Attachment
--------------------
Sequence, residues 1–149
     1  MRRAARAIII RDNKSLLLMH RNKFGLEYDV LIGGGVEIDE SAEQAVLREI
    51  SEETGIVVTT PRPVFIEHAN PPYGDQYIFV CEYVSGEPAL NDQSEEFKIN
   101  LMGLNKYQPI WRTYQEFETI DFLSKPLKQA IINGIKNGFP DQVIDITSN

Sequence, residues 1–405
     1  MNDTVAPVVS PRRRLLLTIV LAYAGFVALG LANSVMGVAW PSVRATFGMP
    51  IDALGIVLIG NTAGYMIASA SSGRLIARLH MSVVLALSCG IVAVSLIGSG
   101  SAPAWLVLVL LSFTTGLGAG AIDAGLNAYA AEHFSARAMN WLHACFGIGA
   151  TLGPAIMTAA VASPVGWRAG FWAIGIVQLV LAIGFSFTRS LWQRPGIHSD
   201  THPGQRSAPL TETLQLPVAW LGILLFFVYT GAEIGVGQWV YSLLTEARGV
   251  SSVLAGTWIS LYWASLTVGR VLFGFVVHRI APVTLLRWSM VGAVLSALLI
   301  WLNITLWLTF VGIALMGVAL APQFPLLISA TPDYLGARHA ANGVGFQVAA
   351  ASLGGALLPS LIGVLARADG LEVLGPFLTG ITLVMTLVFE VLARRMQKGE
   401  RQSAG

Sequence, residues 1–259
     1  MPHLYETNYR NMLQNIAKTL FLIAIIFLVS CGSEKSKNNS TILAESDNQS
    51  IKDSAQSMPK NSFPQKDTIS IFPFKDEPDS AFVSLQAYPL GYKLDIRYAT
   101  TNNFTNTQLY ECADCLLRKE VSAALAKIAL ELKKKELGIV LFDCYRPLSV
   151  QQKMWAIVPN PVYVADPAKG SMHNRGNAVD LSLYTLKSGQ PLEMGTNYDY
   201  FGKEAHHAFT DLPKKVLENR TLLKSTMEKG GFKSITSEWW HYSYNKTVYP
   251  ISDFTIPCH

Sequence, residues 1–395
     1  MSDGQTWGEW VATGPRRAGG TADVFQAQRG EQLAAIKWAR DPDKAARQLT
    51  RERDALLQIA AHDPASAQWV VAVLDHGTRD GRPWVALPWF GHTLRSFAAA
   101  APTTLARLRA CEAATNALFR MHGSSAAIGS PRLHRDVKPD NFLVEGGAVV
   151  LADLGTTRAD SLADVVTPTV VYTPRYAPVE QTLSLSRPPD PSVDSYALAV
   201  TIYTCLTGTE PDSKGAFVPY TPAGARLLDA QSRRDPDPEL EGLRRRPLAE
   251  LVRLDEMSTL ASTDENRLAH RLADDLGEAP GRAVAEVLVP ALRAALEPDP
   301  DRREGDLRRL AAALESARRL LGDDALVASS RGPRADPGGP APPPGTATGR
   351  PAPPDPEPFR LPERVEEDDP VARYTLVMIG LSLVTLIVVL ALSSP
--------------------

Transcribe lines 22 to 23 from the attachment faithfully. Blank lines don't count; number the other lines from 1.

Sequence, residues 1–395
     1  MSDGQTWGEW VATGPRRAGG TADVFQAQRG EQLAAIKWAR DPDKAARQLT